http://www.engineeringnews.co.za
  SEARCH
Login
R/€ = 14.22Change: 0.02
R/$ = 10.70Change: 0.04
Au 1276.71 $/ozChange: 1.76
Pt 1417.00 $/ozChange: -3.20
 
 
Note: Search is limited to the most recent 250 articles. Set date range to access earlier articles.
Where? With... When?








Start
 
End
 
 
And must exclude these words...
Close Main Search
Close Main Login
My Profile News Alerts Newsletters Logout Close Main Profile
 
Agriculture   Automotive   Chemicals   Competition Policy   Construction   Defence   Economy   Electricity   Energy   Environment   ICT   Metals   Mining   Science and Technology   Services   Trade   Transport & Logistics   Water  
What's On Press Office Tenders Suppliers Directory Research Jobs Announcements Contact Us
 
 
 
RSS Feed
Article   Comments   Other News   Research   Magazine  
 
 
Jul 03, 2014

African airlines show slowest passenger demand growth in May

Back
Photo: Bloomberg
Africa|Capacity|Industrial|Africa|Europe|Chile|Colombia|Peru|South Africa|Air Travel Demand|Product|Transport|Iata|Tony Tyler|Asia Pacific
Africa|Industrial|Africa|||Transport||
africa-company|capacity-company|industrial|africa|europe|chile|colombia|peru|south-africa|air-travel-demand|product|transport-industry-term|iata-person|tony-tyler|asia-pacific
More Insight
© Reuse this



African airlines experienced the slowest regional growth in passenger demand in May, up 1.9% year-on-year, despite a capacity increase of 4.7% over the period, while the continent’s load factor took a 1.8 percentage-point knock to 64.4%.

“The weakness in international air travel demand for regional African carriers could, in part, be reflecting adverse economic developments in some parts of the continent, accompanied by the slowdown of the major economy of South Africa,” the International Air Transport Association (Iata) said on Thursday.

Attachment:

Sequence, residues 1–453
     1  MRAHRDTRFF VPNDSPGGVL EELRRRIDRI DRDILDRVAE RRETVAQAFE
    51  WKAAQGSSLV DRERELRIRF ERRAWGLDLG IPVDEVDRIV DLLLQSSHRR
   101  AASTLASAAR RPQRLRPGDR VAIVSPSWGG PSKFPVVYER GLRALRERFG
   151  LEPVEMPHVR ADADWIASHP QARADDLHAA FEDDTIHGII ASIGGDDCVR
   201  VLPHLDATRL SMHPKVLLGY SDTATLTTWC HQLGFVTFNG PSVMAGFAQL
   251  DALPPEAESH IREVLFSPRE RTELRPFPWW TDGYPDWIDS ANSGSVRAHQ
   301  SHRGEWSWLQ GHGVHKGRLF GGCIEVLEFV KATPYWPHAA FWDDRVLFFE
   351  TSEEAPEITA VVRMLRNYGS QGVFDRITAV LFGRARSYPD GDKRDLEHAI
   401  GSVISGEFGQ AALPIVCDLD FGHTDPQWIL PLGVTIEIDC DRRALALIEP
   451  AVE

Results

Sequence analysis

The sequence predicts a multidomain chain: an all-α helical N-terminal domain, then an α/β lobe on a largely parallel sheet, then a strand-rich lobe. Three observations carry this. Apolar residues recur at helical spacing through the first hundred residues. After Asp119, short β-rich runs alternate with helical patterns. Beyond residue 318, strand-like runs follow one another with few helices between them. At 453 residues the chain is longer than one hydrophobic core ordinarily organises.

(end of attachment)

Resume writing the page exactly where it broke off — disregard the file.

Globally, passenger traffic results for May showed demand growth of 6.2% compared with May 2013.

While this represented a deceleration compared with April’s year-over-year traffic growth of 7.6%, Iata believed this performance was indicative of improving demand drivers.

International capacity rose 5.2% in May and load factor climbed 0.7 percentage points to 79%, as all regions except Africa experienced positive traffic growth.

“We are seeing healthy demand for air traffic to support and help sustain the pick-up in global economic activity,” commented Iata CEO Tony Tyler.

This came as May international passenger traffic rose 7% compared with the year-ago period, while capacity rose 6% and the load factor climbed 0.8 percentage points to 78.1%. All regions recorded year-over-year increases in demand.

Looking more closely at regional markets, Asia Pacific carriers recorded a passenger demand increase of 7.3% compared with May 2013, which was the largest increase among the three biggest regions.

“This strong performance suggests that downward pressure on demand from sluggishness in the Chinese economy is likely easing,” Iata noted.

Capacity in this region rose 7.5%, pushing load factor down 0.1 percentage points to 74.1%.

In Europe, international traffic climbed 6.1% in May compared with the year-ago period, while capacity rose 5.3% and load factor rose 0.6 percentage points to 80.3%.

Iata attributed this to the fact that economic activity in the eurozone had recently been gaining momentum, with recent data suggesting that solid increases in industrial production and trade should result in acceleration in eurozone gross domestic product in the second quarter.

North American airlines, meanwhile, saw demand rise 4.4% in May over a year ago, implying positive underlying economic growth trends with easing pressure on employment levels.

Capacity rose 4.8%, pushing down load factor 0.3 percentage points to 83% – still the highest among all regions.

Middle East carriers had the strongest year-over-year passenger traffic growth in May, at 13.2%, as airlines continued to benefit from the strength of regional economies, including non-oil production sectors, and solid growth in business-related premium travel.

Capacity rose 6.9% and load factor climbed 4.4 percentage points to 78%.

In Latin American, airline passenger traffic rose 9.1%, while capacity rose 6% and load factor climbed 2.2 percentage points to 79.6%.

“The outlook for Latin American carriers remains broadly positive, with continued robust performances from economies like Colombia, Peru and Chile contributing to the strong demand environment,” Iata said.

Edited by: Tracy Hancock
© Reuse this Comment Guidelines (150 word limit)